Republican presidential hopefuls have declared their intentions to run at a steady pace for the past month, but conservative Republicans are still looking at Texas Governor Rick Perry’s daily itinerary to see if he’s crossing the state line at points leading to Iowa, New Hampshire or South Carolina.
It appears they’ve found what they are looking for – Governor Perry has scheduled a visit to Charleston, S.C., in mid-August to appear at an event hosted by RedState blog. It will be his first trip to an early primary state.
Sources close to Perry say his decision to enter the race may not be announced for several weeks, but analysts also agree that he needs to jump in sooner, rather than later.
Earlier this year, Perry took himself out of contention, yet the Governor of Texas continues to garner a good deal of media coverage – more than most announced candidates.
When speaking at the Conservative Political Action Conference last February, he was acting more like a shy 3-year-old hiding behind his mother’s leg. Now, Perry seems to be enjoying his newfound national media exposure and is acting more like a child who’s already seen his share of talent shows.
One thing is for certain – social conservatives are watching his every move.
Perry’s accomplishments over the past few years are the envy of many governors. During his 10-year tenure as the state’s chief executive, Texas has attracted 48 percent of all new jobs nationwide, according to analysts at the Federal Reserve of Dallas. Such economic growth in recessionary times, due in part to the state’s low taxes and oil and agriculture success, provide easy talking points on the campaign trail.
While discussing his impressive record, Perry – like every other candidate – has his detractors and issues he must address.
As a “conservative” Democrat and prior to his switch to the Republican Party, Perry served as Al Gore’s state chairman during his 1988 failed presidential bid. That is also the year former President George H.W. Bush was elected.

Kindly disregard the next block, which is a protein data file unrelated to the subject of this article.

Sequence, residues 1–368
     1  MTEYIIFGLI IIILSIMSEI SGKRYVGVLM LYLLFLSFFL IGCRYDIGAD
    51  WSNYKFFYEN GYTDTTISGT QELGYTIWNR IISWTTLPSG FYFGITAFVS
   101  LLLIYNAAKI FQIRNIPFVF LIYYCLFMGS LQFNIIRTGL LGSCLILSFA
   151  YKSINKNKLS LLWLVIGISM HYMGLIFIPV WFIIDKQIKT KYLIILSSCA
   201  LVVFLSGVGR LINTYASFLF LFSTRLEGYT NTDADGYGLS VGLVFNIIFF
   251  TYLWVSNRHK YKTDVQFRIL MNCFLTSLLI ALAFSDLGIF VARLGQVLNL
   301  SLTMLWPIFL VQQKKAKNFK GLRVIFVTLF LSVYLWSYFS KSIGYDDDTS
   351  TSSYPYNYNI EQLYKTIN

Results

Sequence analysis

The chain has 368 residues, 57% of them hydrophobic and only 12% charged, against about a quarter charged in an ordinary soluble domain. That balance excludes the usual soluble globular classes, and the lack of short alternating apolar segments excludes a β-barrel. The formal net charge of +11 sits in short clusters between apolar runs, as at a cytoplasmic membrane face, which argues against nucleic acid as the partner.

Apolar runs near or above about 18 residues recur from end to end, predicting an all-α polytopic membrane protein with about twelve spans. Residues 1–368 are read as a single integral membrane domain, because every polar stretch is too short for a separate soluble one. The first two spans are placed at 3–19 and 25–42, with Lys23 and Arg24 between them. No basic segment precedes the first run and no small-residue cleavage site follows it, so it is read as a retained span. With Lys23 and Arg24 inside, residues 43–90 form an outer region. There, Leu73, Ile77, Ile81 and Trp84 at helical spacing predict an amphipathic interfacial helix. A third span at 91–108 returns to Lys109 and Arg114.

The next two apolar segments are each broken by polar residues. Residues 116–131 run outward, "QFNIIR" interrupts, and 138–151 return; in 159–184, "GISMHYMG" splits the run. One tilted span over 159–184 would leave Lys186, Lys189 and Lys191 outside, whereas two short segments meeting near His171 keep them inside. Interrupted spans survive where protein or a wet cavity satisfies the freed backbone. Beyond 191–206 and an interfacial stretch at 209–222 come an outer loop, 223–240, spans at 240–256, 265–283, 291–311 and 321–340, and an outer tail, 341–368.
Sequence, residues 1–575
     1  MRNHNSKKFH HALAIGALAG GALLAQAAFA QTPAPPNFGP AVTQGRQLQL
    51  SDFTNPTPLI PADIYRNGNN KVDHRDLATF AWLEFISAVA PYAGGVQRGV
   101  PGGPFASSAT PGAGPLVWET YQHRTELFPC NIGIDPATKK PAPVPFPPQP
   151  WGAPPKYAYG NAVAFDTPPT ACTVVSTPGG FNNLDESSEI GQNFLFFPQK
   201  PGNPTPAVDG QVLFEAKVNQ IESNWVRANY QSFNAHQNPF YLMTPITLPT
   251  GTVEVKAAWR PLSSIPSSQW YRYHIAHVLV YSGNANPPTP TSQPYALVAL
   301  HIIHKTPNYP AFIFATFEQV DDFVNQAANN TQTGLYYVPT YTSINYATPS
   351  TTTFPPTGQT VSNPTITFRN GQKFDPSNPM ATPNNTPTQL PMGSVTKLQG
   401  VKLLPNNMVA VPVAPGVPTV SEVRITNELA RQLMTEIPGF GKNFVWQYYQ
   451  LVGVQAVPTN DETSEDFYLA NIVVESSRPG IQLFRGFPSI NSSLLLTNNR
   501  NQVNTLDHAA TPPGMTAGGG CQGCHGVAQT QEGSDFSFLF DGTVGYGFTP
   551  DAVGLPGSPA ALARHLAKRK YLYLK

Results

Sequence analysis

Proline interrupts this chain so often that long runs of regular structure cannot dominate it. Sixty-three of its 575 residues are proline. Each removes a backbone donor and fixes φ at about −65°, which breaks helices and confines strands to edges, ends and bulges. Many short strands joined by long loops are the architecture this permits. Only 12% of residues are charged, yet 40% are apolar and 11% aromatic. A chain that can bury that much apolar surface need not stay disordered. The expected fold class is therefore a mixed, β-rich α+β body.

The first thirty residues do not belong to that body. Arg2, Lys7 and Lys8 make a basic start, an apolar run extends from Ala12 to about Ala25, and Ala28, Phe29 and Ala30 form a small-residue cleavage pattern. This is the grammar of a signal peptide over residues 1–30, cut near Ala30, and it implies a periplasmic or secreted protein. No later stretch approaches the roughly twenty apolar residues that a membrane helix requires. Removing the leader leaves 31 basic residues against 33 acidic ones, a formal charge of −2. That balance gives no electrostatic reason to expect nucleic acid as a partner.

Immigration is a hot-button issue in the Republican Party and opponents like fellow Texan Rep. Ron Paul will undoubtedly mention Perry’s support of the Texas DREAM Act he signed into law in 2001.
Conservative political blogger Kathleen McKinley, writing in her blog TexasSparkle on chron.com, said conservatives outside of Texas will want to question Perry’s support of children of illegal immigrants but they should not.
“It’s important to point out that there is a huge difference in the Texas Dream Act and The Dream Act that was pushed in Congress and failed. The Dream Act in Congress was full of all kinds of goodies other than allowing children of illegals to receive in state tuition,” wrote McKinley. “The Texas Dream Act was focused only on that. I happen to agree with the Texas Dream Act, and so did everyone in the Senate in Texas. It passed with ZERO ‘no’ votes. Add to that, it has proven to be successful.”
Supporters of Perry are also saying he’s received the okay of his most important supporter, his wife Anita. Second to her encouragement, Perry is also receiving a push from a member of his state’s congressional delegation.
Rep. Kenny Marchant (R-Texas), wrote Perry a letter pledging his “full support” if the governor was to enter the race.
“After watching the [GOP primary debate last] Monday night, it was clear to me that we’re not anywhere close to deciding who the candidate is,” Marchant said to The Hill. “I just think this would be the time for him to make the move.”
“It was a number of conversations that were had with people I trust, including my wife, that basically said, ‘Listen, our country is in trouble and you need to give this a second thought,’” Perry told a gathering at the New York Republican Party’s annual Lincoln Dinner earlier this month.
Perry has recently gained attention for his upcoming “Day of Prayer.” Liberal clergy in Texas have criticized him for encouraging governors to attend the event, to be held in August.
In his speech to conservatives at the Republican Leadership Conference in New Orleans last weekend, Perry said Republicans should stand proud and stop apologizing for their conservative values.